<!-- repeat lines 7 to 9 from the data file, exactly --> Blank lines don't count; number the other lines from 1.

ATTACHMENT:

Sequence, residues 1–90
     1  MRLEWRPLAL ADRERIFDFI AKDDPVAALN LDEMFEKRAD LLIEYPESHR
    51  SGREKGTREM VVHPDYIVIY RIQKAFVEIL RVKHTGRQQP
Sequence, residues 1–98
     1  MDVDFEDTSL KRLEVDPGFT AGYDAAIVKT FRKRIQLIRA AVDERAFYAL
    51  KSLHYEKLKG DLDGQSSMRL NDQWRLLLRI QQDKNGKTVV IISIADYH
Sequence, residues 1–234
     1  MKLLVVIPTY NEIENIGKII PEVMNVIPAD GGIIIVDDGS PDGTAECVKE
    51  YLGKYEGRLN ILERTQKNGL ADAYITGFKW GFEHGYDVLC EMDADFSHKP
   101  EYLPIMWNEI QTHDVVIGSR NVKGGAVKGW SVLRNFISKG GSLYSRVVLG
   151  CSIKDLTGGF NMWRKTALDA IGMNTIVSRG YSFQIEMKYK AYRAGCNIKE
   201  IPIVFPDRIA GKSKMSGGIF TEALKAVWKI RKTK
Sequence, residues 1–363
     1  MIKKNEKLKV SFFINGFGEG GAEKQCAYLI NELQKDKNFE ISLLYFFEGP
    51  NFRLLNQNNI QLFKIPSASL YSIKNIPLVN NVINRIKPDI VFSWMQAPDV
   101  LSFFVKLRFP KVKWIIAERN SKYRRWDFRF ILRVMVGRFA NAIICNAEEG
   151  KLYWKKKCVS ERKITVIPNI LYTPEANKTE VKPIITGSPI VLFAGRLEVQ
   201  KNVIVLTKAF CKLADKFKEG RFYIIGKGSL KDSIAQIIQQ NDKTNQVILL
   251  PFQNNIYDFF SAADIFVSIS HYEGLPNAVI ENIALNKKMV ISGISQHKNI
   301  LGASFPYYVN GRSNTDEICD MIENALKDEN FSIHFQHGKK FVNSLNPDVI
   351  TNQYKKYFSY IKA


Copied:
Sequence, residues 1–234
     1  MKLLVVIPTY NEIENIGKII PEVMNVIPAD GGIIIVDDGS PDGTAECVKE
    51  YLGKYEGRLN ILERTQKNGL ADAYITGFKW GFEHGYDVLC EMDADFSHKP